The Long Riders' Guild

Jeff Bewkes, CEO of Time Warner, parent company of Horse & Hound magazine

No one likes to be the bearer of bad news, Mr. Bewkes. Nor is it a pleasant task to report to the leader of a mighty corporation that the editor of one of his magazine assets has managed to reduce what was once the pillar of English equestrian journalism into the site of a potential massive readership mutiny.

Sadly Horse & Hound magazine should be pilloried, not praised, for what may be one of the worst acts of equestrian editorial incompetence in living memory.

Earlier this month leaders of the British endurance racing world were informed that Horse & Hound was no longer eager to publish news about the world’s fastest growing equestrian sport. Given the dramatic decline in influence and subscriptions being experienced by equestrian magazines across the planet, some might argue that alienating this rich and powerful section of the English equestrian world was financially counterproductive.

Yet you are being contacted about editorial ethics, or the lack of them, not the diminishment in Time Warner’s British bank account.

In a stunning move, instead of continuing to publish news about their confirmed endurance fan base, the editors of Horse & Hound chose instead not only to publish a press release about the world’s largest unethical equestrian race, they took the additional step of actively promoting an event which other equestrian editors across the world have uniformly condemned.

The race being referred to is called the Mongol Derby. It is a profit making endeavour disguised as a social mission. However what should be causing the legal department at Time Warner to confer privately was this typical statement issued by the race organizers, wherein they boast in Horse & Hound of putting your readers at risk.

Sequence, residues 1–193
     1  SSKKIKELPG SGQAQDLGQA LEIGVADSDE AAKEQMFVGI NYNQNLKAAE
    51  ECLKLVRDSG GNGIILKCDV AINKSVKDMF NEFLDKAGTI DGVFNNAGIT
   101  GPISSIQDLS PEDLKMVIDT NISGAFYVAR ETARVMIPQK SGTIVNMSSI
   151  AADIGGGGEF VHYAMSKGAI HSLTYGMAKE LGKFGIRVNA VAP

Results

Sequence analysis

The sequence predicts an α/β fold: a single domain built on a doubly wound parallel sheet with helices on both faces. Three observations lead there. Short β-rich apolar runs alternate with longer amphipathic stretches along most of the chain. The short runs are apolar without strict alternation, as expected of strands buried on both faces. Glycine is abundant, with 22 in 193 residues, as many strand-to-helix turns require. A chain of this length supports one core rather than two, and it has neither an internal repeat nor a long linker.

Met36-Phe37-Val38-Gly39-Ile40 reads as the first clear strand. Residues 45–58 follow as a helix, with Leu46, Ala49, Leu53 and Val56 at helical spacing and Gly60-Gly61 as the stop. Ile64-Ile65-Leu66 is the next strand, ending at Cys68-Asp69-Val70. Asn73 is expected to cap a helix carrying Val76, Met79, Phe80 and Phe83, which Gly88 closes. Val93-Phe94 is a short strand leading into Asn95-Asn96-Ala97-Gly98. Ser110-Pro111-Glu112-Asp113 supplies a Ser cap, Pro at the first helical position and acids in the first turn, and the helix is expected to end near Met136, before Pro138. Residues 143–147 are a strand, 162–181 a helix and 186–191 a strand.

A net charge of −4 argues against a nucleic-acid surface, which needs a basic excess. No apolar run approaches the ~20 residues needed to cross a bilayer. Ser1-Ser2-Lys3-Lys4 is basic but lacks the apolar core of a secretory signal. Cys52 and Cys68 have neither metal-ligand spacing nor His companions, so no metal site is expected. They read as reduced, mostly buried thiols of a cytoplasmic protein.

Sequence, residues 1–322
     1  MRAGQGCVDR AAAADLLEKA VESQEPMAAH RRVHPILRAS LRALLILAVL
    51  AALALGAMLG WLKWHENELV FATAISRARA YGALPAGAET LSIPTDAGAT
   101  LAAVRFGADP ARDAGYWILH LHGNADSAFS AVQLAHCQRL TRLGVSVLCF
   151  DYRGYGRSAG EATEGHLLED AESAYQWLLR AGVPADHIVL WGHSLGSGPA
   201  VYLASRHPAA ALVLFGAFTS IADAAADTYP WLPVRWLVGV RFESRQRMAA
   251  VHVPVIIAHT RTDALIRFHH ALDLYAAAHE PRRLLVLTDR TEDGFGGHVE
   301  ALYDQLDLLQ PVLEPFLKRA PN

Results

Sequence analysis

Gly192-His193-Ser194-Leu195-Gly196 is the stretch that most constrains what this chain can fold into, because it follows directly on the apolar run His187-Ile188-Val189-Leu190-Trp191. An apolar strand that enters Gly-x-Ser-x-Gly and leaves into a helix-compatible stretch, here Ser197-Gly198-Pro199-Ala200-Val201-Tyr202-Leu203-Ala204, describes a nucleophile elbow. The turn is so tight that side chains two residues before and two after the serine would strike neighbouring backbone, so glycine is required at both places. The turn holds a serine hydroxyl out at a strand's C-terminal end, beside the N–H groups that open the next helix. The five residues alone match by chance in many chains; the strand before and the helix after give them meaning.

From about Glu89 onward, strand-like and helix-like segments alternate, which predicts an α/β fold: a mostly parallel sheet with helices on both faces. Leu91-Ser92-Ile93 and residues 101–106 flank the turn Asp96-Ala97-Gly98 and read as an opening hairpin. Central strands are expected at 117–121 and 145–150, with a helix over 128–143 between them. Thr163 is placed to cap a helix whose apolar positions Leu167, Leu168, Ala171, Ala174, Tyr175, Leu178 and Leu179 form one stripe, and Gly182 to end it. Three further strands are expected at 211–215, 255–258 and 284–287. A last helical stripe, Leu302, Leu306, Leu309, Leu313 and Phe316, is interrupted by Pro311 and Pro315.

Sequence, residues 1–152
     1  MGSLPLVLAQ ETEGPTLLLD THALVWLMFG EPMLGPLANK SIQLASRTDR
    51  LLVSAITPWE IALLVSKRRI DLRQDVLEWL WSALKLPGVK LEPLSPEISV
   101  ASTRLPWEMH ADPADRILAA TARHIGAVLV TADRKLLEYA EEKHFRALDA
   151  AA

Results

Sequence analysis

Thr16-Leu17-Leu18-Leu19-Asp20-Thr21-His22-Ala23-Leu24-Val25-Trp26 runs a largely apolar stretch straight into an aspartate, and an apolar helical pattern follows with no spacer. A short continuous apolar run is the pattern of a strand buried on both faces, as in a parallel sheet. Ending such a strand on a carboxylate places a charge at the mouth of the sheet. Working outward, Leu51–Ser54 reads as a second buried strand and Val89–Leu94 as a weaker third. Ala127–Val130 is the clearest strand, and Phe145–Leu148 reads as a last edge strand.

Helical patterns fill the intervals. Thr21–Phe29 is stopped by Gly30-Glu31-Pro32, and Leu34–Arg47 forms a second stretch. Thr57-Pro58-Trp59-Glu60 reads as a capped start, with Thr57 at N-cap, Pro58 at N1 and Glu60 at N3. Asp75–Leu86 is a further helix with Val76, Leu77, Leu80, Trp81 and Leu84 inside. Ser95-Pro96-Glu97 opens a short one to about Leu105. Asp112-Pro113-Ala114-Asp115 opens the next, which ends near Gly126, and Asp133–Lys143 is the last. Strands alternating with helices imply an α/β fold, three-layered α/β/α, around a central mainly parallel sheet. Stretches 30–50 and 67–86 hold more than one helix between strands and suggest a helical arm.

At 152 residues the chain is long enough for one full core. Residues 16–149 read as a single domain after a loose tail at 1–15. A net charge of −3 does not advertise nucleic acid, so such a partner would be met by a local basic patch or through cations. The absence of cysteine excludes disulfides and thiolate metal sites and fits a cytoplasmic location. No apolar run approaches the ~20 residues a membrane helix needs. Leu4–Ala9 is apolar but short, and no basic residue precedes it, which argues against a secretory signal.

"It's dangerous, it's unsupported and you could die," warn Bristol-based organisers The Adventurists on the race's website.

The same press release goes on to state in Horse & Hound that the naïve young contestants, all of whom have paid nearly $5,000 to participate, “are all experienced riders." Alas for Horse & Hound, nothing could be further from the truth, as a cursory check of the riders’ biographies, publicly available on the race website, reveals that some of the contestants can barely mount a horse.

Here is a link to the information which was published by your London editor, who apparently failed to undertake the sort of basic editorial fact checking deemed necessary in a freshman journalism class.

The article continues by saying that throughout the race riders will stay with nomadic families. In fact such elementary safety as guaranteed water for horse and rider have been swept aside. There is not even a marked route.

“There will be no set track to follow between the horse stations and in some places no tracks at all,” the race website warns.

As you may well imagine, Mr. Bewkes, there could be legal ramifications from encouraging people to join an equestrian event which boasts about being “the biggest, baddest equine affair on the planet,” and then results in your readers being either injured or killed.

Finally, there is actually more bad news.

Not only has the editor of Horse & Hound eagerly supported this highly questionable event, the magazine has also published the news that it has provided a blog spot to one of the contestants, which in effect would appear to make Time Warner a willing participant in this event.

Mr. Bewkes, the Long Riders’ Guild does not need to dramatize the danger your corporation, or your readers, are in. The organizer of the Mongolian race is quite capable of explaining who you are doing business with.

This man's alarming quotes include "You're only having fun when something's going wrong" and "We don't make any safety arrangements.”

The Long Riders’ Guild is therefore calling upon you to intercede in this unprecedented equestrian situation and to issue an order to the Horse & Hound office to immediately rescind the magazine’s support for this unethical, and potentially lethal, equestrian event.

Failure to correct this alarming state of affairs will undoubtedly lead to a nation-wide cancellation of subscriptions to Horse & Hound.

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